*
    While I’m sure that Hashem could have compensated for this, maybe Cain’s “marked life” served as a warning against murder long after his death as his story has been told throughout the ages. Sometimes, we are an example of what should be done, but there are also times when we become an example of “what not to do”…..
    Baruch Hashem.

    • As I was reading the comments I did think of the genealogy of. Cain. Your point about him being an example to others as he wandered really was greater punishment then death. There is not much to say after all of these great comments. Baruch HaShem.

  • G_ods grace and mercies endures forever. G_od hates the things we do wrong but still loves His creation.
    interesting..Cain heard the voice of G_d. So obviously there was communication. Cain still had to endure the consequences of his sin just as Adam and Eve had too. He made a choice and that was to kill his brother. That would not have been something that was just a spur of the moment thing. The idea of Killing Abel had already settled in his heart. He gave way to the serpents evil inclination. But G_d who is merciful showed him mercy…..and set him free. He was banished but still alive. Still alive to turn back to G_d. Instead Cain became a prime example of someone who deliberately and openly continued to rebell against G_d. On the other side of the coin. When Cain faught against Abel did he intentionally murder his brother? Later on in the bible it tells us that G_d set aside a safe place where those who kill unintentionally can flee too? Is it possible that Cain fits into that category and that set the pattern for “designated safe place” later on?.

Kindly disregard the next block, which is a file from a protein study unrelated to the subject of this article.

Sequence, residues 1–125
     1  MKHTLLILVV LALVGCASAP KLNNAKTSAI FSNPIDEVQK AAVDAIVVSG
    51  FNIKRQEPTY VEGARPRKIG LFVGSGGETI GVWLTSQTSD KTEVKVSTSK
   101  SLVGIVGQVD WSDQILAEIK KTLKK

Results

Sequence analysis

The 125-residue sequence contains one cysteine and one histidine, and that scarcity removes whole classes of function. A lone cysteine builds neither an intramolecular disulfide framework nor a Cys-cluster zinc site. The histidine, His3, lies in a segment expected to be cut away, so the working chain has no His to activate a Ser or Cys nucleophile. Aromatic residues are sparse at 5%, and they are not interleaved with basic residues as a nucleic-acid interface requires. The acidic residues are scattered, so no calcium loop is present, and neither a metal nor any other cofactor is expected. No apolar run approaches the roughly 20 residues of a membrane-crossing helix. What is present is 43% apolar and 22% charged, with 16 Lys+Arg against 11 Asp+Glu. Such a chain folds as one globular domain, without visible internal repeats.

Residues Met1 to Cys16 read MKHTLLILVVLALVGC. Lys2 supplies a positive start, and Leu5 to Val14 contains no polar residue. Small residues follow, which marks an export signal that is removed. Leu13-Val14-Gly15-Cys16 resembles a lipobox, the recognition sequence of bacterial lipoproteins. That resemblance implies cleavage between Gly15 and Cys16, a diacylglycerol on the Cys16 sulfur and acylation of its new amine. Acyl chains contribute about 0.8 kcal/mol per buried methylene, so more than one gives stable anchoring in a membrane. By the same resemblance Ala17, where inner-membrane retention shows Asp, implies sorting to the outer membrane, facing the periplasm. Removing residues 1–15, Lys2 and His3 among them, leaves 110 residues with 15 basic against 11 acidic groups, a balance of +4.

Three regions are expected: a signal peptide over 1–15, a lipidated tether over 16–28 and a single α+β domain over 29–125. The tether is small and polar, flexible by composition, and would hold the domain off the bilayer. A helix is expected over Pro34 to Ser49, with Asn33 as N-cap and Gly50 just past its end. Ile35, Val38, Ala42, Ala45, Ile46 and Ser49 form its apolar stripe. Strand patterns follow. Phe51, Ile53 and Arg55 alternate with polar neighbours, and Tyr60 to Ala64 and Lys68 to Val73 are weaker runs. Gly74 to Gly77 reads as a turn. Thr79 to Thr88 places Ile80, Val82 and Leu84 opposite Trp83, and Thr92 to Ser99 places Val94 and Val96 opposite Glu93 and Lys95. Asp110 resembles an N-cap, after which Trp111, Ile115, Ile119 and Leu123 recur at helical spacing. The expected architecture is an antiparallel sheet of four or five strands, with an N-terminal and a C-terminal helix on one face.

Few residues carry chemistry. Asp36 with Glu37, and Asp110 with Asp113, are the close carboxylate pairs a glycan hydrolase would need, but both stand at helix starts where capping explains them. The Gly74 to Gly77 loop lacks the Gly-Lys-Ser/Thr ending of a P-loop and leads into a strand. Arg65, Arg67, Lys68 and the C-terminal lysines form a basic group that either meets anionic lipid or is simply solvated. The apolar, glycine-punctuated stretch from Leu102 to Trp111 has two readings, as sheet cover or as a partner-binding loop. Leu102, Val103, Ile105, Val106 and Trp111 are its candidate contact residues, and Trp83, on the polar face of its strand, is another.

• The Cities of Refuge, described in Numbers 35, were established for those who killed unintentionally. They were meant for people who did not intend to murder, but because of carelessness or negligence ended up killing someone. Even if Cain’s murder of Abel was not planned in advance, the fact that he “rose up against Abel his brother, and slew him” (Genesis 4:8) certainly makes it sound like the murder was intentional.

  • Even though Cain had committed a grievous sin, Gods mercies allowed a mark of protection for him which shows us that our Father’s Love is greater than our sin.

  • Mrs Peggy Ann

    God wanted to teach Cain to act on loves mercy with forgiveness instead of acting on hate to murder .

  • Sheila

    Thought that the penalty given by God over Cain as a restless wanderer was a death penalty in itself, as he could no longer live a settled life as a farmer who loved the land. Because of fear for his life as a fugitive, God in his mercy placed a mark of protection over him As man was created in God’s image, the Lord ‘s heart was grieved to see His own creation violating His very nature of love.

  • Herman

    The Torah wasn’t given yet, though they lived according the rules of G’d. He was punished which was felt as death penalty: cut off from mankind without physical restingplace.

Post a Reply

Comments must adhere to our guidelines or they may be removed.

 
Skip to toolbar